Depression and Anxiety in Older and Middle-aged Adults With Diabetes

Authors


Kellee Poulsen, School of Psychology, University of Queensland, St Lucia, Brisbane, QLD 4072, Australia. Fax: +61 (7) 3365 4466; email: k.poulsen@psy.uq.edu.au

Abstract

This study aims to compare rates of depressive and anxious symptoms among older adults with and without diabetes. The study also examines differences in depression, anxiety, and diabetes-related emotional distress between middle-aged and older adults with diabetes. A total of 224 participants completed a range of questionnaires measuring depression, anxiety, and diabetes-related emotional distress (if applicable). One hundred and three adults with diabetes (55 middle-aged, mean age = 47 years, range 40–59 years and 48 older, mean age = 69 years, range 60–81 years) were recruited from a tertiary diabetes clinic. One hundred and twenty-one adults without diabetes (72 middle-aged, mean age = 52 years, range 40–59 years and 49 older, mean age = 65 years, range 60–76 years) were recruited from either a university student pool or a registry of adults aged 50 and above. Older adults with diabetes had significantly higher levels of depression and comparable levels of anxiety with older adults without diabetes. Older adults with diabetes had significantly lower levels of depression, anxiety, and diabetes-related distress than middle-aged adults with diabetes. Diabetes is associated with high rates of depression and anxiety, with middle-aged adults more adversely affected than older adults.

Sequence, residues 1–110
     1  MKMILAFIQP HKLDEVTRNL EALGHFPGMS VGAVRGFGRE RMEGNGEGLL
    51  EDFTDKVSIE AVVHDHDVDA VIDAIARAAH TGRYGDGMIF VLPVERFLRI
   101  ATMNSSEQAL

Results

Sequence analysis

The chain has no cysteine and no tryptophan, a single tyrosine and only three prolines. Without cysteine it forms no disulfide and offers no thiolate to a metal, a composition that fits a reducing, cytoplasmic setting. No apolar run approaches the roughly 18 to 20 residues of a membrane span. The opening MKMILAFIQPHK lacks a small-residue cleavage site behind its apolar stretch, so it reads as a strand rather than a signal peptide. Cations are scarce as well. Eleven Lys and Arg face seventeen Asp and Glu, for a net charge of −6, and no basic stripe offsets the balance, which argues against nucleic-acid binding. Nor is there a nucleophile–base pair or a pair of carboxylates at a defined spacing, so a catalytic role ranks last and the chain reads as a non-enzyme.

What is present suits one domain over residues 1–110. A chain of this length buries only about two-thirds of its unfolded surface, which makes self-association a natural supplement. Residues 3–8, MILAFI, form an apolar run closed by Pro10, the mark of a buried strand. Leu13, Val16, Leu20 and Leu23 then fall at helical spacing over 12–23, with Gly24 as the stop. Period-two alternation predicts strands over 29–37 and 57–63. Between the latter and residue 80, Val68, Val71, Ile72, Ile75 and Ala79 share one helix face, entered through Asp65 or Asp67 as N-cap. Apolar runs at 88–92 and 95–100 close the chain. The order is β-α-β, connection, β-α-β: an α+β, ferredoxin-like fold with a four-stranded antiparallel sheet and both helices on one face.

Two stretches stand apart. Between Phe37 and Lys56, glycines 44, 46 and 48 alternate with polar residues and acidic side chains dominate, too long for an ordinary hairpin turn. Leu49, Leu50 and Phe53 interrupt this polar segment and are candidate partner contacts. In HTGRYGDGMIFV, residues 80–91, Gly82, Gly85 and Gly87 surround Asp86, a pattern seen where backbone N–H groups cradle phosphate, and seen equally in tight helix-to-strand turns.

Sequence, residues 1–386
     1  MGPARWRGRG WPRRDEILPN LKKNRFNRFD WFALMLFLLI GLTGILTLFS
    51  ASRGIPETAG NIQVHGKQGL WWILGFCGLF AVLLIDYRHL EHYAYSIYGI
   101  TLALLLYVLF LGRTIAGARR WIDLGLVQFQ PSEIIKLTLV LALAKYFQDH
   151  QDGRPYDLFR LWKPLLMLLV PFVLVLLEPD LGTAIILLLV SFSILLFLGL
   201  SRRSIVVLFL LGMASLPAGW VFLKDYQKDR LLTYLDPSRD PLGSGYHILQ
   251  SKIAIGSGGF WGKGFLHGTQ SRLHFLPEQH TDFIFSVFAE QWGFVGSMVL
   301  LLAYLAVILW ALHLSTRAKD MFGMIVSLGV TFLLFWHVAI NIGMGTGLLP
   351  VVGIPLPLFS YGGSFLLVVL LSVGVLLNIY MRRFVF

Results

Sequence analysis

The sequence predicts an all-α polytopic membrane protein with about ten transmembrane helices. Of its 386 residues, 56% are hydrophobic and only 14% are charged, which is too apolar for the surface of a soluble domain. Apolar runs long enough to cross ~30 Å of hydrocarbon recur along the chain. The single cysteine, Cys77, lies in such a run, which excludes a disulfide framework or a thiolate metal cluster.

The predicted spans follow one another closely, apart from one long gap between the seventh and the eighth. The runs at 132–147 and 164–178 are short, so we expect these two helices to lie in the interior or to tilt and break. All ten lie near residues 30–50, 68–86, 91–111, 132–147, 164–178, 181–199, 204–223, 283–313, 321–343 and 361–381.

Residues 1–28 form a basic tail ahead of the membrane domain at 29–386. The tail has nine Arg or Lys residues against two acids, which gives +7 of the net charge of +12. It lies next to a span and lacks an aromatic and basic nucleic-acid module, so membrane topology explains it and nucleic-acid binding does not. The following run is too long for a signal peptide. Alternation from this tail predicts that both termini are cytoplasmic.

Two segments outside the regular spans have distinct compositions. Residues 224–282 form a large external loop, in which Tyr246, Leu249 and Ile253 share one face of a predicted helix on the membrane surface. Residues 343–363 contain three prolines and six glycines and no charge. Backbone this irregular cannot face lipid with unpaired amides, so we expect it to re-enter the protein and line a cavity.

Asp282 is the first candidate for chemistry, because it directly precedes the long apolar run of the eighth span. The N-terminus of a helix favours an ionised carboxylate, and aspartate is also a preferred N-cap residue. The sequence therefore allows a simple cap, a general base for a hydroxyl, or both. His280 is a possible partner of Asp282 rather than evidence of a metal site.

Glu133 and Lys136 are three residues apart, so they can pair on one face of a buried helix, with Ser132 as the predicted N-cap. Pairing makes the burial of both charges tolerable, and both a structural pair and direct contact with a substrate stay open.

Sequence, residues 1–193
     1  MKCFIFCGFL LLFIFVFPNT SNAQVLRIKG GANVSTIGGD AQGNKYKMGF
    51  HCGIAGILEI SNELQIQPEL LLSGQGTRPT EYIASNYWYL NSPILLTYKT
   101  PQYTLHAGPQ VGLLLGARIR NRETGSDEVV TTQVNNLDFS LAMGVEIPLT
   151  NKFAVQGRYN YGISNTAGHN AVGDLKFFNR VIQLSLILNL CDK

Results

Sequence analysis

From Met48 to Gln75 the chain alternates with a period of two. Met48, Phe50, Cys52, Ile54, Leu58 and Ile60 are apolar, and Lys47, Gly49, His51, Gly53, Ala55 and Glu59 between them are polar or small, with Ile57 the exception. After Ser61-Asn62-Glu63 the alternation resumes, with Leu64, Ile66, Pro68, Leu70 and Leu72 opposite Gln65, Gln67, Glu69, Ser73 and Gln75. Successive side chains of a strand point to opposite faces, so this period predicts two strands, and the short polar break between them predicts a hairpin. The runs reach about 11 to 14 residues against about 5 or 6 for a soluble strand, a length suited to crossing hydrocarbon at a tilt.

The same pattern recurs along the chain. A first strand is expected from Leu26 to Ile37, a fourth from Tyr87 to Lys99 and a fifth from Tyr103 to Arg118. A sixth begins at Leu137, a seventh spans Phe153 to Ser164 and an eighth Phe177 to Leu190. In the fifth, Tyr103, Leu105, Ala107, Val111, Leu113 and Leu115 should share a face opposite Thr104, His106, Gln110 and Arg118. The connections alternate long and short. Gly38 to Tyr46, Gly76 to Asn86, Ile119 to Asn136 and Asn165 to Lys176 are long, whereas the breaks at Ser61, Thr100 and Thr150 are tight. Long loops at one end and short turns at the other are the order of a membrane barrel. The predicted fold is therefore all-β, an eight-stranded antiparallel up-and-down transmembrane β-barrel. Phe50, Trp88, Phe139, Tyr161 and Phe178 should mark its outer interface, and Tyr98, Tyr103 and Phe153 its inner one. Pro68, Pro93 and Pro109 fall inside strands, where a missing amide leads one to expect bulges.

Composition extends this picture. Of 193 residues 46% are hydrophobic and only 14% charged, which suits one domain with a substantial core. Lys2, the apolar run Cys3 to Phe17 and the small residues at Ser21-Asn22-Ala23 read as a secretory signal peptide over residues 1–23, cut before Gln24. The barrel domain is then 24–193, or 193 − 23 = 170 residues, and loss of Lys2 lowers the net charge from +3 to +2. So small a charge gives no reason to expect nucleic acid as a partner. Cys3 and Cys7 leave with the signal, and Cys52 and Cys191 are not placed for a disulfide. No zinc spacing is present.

Ancillary